Iceman Cometh Challenge: Four Riders, One Mission…Not Last

Iceman You gotta earn these #plusgyle PJs, and you earn them by toeing the line against the best riders at the biggest races. 

And things don’t get much bigger than the Iceman Cometh Challenge. Now in its 29th edition, the race has grown from 35 haggard, frozen riders to nearly 5,000, and the annual trek from Kalkaska to Traverse City has gone from a bush-whacking adventure to a high-speed drag race. Even with the fast course, the sheer size of the event is pretty mind-boggling. For example, the first waves start at 9:30 am, with the fastest riders first and slower riders coming later on. These waves are usually around 150 riders, and even leaving in three-minute intervals, it takes just shy of three hours to see everyone off, including a 30-minute break for the Michigan Scholastic Cycling start wave at noon.

All those bodies battle over roughly 28 miles of two-track, singletrack, gravel road, and pathway, including roughly seven miles on the Vasa 25km. The course includes just under 2,000 feet of elevation, with much of the climbing skewed deep into the second half of the race. With some changes in the opening sections of the course, including the elimination of a short but sandy climb early, our local racers Cody Sovis and Sean Kickbush are predicting a rather sizable front group for the afternoon’s Pro race, which goes off at 2:30.

That delayed start lets the thousands of other racers plenty of time to reach the finish at Timber Ridge, change, get properly lubricated with Bell’s beer, and flock to iconic parts of the course like Ice Breaker and the two flyover tunnels, both constructed by burying shipping containers. That’s a massive, energetic, and vocal audience for the race’s finale, often a group of just a few riders going elbow-to-elbow in a tight, technical sprint to the line. This year has an especially long singletrack finish at Timber Ridge, and while the speeds may be low, it’s going to be a broken-beer-bottle of a bar fight to take the win in both the men’s and women’s races.

We’ve got a total of four riders looking to play a role in that finale, with Scotty Albaugh and Sean Kickbush both rock-solid picks to break the top twenty against a field that includes US and international professionals. Last year, Scotty went for an incredibly 10th place, just 20 seconds back from winner Geoff Kabush. Sean wasn’t too far back; after fixing a mechanical while riding strong in the chase group, he came in with 25th place, a result he’ll be looking to improve upon with a bit more luck this season.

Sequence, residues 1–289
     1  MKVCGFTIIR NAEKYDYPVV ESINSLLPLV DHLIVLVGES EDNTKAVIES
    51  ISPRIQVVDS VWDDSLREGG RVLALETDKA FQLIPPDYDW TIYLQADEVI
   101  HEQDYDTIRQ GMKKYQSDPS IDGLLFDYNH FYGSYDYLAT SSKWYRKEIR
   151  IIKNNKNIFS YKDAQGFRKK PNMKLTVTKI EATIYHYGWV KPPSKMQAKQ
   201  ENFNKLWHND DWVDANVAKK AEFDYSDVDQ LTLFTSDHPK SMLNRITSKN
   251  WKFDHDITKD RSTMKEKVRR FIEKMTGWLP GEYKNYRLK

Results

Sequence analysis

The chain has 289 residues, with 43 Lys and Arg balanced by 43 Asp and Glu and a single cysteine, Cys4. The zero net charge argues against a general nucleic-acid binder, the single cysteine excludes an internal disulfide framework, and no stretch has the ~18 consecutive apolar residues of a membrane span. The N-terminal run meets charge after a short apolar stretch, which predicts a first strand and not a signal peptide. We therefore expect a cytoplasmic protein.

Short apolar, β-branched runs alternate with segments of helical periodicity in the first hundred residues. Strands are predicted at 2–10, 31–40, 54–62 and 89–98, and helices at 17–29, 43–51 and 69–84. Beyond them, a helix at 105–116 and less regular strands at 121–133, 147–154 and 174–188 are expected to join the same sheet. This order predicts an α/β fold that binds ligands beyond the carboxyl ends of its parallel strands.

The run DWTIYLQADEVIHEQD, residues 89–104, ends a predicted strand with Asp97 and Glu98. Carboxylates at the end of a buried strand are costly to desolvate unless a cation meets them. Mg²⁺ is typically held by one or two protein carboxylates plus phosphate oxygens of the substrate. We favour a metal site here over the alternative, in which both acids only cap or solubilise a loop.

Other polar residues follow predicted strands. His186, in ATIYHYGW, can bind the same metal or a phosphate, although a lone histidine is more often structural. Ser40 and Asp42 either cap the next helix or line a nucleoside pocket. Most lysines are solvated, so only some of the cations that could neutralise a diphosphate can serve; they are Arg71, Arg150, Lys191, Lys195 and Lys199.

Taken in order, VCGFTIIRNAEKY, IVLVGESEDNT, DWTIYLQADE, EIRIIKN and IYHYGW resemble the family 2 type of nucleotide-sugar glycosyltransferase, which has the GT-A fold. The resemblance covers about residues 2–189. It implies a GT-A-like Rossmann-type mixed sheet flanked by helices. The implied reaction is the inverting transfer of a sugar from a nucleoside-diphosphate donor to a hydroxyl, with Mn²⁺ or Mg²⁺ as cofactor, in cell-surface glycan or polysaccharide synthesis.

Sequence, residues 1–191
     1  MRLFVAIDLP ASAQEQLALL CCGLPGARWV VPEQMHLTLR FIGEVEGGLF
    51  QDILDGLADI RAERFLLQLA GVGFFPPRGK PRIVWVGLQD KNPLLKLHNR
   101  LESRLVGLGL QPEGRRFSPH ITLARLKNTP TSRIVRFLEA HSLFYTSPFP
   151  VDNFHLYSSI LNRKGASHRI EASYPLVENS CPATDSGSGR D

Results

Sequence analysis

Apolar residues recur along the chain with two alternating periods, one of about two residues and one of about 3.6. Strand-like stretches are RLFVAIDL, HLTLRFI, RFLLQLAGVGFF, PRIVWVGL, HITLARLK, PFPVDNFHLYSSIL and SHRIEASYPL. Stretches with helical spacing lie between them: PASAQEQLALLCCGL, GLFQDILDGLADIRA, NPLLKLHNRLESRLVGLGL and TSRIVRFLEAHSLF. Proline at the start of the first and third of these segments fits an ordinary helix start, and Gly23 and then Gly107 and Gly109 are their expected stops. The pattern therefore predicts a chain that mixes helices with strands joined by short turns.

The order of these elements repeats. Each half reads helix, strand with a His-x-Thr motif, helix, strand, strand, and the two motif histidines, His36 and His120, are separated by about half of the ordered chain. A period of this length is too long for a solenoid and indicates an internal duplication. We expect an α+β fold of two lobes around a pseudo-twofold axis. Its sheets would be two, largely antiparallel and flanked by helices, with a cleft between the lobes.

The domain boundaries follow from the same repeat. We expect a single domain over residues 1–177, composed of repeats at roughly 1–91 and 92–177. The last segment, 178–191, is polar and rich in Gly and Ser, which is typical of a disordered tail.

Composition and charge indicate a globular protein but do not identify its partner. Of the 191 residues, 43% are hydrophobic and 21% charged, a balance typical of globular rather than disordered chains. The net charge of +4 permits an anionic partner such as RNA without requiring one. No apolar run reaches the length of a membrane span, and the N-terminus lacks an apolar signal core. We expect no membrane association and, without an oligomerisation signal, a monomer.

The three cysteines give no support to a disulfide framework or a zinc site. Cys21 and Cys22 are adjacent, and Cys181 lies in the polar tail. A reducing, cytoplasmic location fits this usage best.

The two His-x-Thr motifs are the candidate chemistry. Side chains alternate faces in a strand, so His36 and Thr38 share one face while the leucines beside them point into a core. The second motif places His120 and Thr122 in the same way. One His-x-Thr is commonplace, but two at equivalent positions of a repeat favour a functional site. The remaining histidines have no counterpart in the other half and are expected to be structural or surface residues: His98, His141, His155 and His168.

Cody Sovis is also locked in for the Pro race this year, and he’ll be looking to make the most of a course that suits his preference for drop bars and 35mm tires to go a few spots better than his 27th place a season ago, coming home within sight of Sean. For the first time, Jay Ellis is making the jump to the Pro ranks, and he’s a shoo-in to make the biggest improvement on 2017. We’re looking for Jay to knock a few minutes off last year, with a faster course and dry conditions and perhaps tickle the 1:45 mark, a really good benchmark for riders looking to finish at a high level.

We’ve also got a little spoiler in the form of the decidedly on-firm Luke Mullis. He’s confirmed to join the team in 2018, and he made his presence preemptively felt with a killer second-place finish at the Lowell 50 last weekend. He’s going to be right up this with Scotty and Sean, although he won’t quite have our colors on…yet.

If there’s a year for drop bars, this is it. One of the wettest Octobers in memory has completely changed the face of the course, made all the better with a huge amount of work from the local trail organization, Northern Michigan Mountain Bike Association. The course, once known for soul-sucking sand pits, has received some patches and re-routes that make it faster, safer, and a lot more fun, especially for the morning racers. They’ll be more lines and more room to pass, especially in the crowded opening ten miles of the race.

You can flip through all the race info, check out last year’s results, and get text updates from your favorite riders (that’s us) at checkpoints through the course right here. We’ll keep you up-to-date on all the fun on Instagram, so make sure you’re following. Good luck, guys!